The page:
Saturday, May 20, 2006

Who do you want to be?

As a rule, I don’t read fashion mags. The reason is simple – after a few pages I am reminded of my larger than acceptable thighs, small breasts, bad skin, outdated clothes; and a deep craving – no, lust – for only five or six beauty products, a hair cut and colour, and a few new outfits wells up in my heart leading to a state of mild depression for at least 48 hours. Despite this general rule of self-preservation, I picked up a few that were lying around work recently. The effect was, as expected, an addictive personal dissatisfaction as the simple lies were whispered up from every page. “This can be you. With a bit of work. It’s worth the cash, after all look at the results. This can be you!”

But, do I want “this” to be me?
Do I want to be defined as “the girl with the good clothes?”
The one with the great hair?
The smart chick?
The sexy one?
The one with the great clothes, great hair, great body, and smart?”
“The woman of style and culture?”

Who do I want to be?

Moving overseas to a city that belongs to neither of us opens up the opportunity to start over. We are not tied to family and friends in a certain area. We know the neighbourhoods only through hearsay and glances. We are free to choose where we live and, in choosing, we assent to being defined by the lifestyle and attitudes of that place.

Do we choose to live in the stylish area with shops close by so our environmental footprint is smaller, good coffee, parks and beautiful spots of creation to enjoy and be in, surrounded by other people who are interested in books and God, who dress well and have good jobs and express concern for the environment and poverty? While sitting in a nice café. Over good coffee.

Do we choose to live in the transitional area with the homeless, the petty dealers, no safe parks to enjoy and few to be in, with a community of other students who are concerned for the homeless and the petty dealers, who have little and minister to “the least of these?” But walk home warily at night. Petty dealers aren’t afraid to mug and pick-pocket.

Do we make the choice to allow our convictions to shape our personalities and interests, the people we walk with, the conversations we have, and the work that we do. Or do we live our dream of . . . of convenience, of style, of safety? After all, living closer to college (in the stylish area) means a shorter (and safer) commute, which will give us more time for the friends we make (who, due to where we live and the way we spend our time as a result, will be more like us and easier to be friends with).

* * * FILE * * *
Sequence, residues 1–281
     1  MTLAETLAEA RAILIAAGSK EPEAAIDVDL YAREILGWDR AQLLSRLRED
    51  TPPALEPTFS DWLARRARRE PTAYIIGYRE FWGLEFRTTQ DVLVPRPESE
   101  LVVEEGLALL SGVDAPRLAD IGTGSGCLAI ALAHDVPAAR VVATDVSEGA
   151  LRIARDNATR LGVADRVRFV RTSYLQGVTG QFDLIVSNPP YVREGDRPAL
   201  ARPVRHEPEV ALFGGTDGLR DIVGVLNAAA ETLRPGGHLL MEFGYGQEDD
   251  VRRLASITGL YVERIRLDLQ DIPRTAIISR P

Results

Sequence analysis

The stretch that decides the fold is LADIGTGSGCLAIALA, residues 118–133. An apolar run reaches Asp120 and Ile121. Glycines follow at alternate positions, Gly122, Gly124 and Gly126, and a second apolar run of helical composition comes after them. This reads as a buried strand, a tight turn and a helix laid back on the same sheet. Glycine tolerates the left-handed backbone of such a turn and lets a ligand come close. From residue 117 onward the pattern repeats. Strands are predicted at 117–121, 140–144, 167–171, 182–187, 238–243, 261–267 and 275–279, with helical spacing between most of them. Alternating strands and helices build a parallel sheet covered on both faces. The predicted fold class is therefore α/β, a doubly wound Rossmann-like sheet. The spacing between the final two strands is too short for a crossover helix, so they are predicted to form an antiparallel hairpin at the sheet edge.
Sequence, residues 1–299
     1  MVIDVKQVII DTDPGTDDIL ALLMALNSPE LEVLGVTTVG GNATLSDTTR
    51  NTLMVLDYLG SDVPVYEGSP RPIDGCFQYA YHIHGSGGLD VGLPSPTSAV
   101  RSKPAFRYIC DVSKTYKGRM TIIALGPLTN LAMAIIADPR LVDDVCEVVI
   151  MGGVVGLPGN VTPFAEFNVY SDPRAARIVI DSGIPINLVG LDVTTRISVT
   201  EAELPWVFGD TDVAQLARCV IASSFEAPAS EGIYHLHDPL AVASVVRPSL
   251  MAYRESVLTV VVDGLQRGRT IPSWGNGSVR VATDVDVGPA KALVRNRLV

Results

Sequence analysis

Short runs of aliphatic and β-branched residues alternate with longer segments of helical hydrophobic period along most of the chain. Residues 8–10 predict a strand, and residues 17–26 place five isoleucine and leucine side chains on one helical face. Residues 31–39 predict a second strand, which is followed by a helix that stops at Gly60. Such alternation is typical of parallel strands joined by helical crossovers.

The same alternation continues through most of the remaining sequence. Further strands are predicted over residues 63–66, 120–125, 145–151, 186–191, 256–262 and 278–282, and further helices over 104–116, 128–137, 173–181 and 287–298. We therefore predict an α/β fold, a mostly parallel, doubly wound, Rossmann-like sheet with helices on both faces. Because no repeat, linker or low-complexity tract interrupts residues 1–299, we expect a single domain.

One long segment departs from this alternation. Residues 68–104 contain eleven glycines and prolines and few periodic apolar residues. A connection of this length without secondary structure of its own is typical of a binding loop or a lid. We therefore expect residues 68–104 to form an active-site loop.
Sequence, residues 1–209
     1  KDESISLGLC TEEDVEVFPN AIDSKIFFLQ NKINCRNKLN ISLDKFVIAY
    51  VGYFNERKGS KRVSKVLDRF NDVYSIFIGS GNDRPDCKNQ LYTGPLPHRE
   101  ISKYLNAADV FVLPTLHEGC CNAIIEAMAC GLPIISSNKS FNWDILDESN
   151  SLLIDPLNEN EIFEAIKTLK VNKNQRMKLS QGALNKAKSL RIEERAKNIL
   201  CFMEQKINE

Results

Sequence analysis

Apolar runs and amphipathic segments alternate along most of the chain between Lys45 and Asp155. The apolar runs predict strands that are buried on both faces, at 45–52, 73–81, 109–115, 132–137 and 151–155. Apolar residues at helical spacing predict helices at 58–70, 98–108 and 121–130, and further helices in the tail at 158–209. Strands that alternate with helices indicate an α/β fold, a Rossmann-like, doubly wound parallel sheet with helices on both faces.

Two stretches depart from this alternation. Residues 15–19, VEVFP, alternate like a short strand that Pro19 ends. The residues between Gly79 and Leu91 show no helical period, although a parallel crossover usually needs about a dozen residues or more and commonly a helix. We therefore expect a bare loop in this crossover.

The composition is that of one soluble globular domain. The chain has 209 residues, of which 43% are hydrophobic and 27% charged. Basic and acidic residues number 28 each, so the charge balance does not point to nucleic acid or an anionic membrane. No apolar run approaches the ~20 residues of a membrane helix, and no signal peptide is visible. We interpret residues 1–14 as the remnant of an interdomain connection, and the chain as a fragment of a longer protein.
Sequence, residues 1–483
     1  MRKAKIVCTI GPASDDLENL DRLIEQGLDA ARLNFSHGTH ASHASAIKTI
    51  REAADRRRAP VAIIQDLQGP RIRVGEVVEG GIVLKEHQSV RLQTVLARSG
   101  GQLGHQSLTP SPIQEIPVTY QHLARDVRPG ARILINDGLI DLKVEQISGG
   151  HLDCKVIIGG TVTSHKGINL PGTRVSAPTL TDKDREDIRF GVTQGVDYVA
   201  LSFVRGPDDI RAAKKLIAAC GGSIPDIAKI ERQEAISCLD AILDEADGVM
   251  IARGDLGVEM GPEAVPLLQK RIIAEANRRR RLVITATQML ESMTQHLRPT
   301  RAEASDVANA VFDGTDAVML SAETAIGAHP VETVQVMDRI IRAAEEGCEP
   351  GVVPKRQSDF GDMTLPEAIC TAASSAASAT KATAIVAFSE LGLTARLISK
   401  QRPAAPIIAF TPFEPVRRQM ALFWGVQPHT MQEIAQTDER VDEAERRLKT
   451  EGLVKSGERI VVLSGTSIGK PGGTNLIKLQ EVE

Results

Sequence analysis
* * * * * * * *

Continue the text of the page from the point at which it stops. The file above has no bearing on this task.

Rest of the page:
We know only a few people. We are not tied to certain personalities, but have the chance to re-create those aspects of ourselves that are boxed in, for whatever reason. No one remembers the silly or wise things we have done. We have no history. We have the chance to choose our direction. We’ve started down a path with Regent but that is only the beginning. There are many types of people at Regent and many paths to take. Don’t you see – this is the thing, the struggle that we all face in every decision from the biggest (job, housing, partner) to the smallest (clothes, food, time).

Who do we want to be?

Who do you want to be?

The choices you make shape who you are. The direction you take determines the way people see you and how you see yourself. You can only stay different from your choices for so long – given a few weeks or months, you look like everyone else who going in your direction; you become what you have chosen.

So, how do you choose? Conviction? Comfort? Style? Sacrifice?

Who do you want to be?

We only have a limited amount of money, a limited amount of time to spend each day. We only have a limited amount to spend on earth. And, as we see so often in Jesus’ teachings, how we spend ourselves dictates who we are. Each choice in one direction is a choice opposed to another direction. The time spent catching up with friends is time not spent teaching English to an immigrant. Time spent with your mates is time not spent with a lonely elderly man.

I know, it is important to enjoy life – spend time with friends – enjoy God’s gifts. It is truly important to do these things. But too often we choose enjoyment out of habit and inertia and fail to actually find joy (happiness and contentment are much easier) in the gifts of God we say we are enjoying.

Who do you want to be?

Audrey Hepburn, while a humanitarian later in life, is immortalised by popular culture for high cheekbones, big sunnies, and Breakfast At Tiffany’s. She is an icon of glamour, style, and beauty. Mother Theresa needed a few more facials in her lifetime but she is immortalised by popular culture for charity, generosity, and the Sisters of Mercy. She is an icon of grace, love, and Christ.

Choose your icon. Choose your destiny. Choose who you want to be.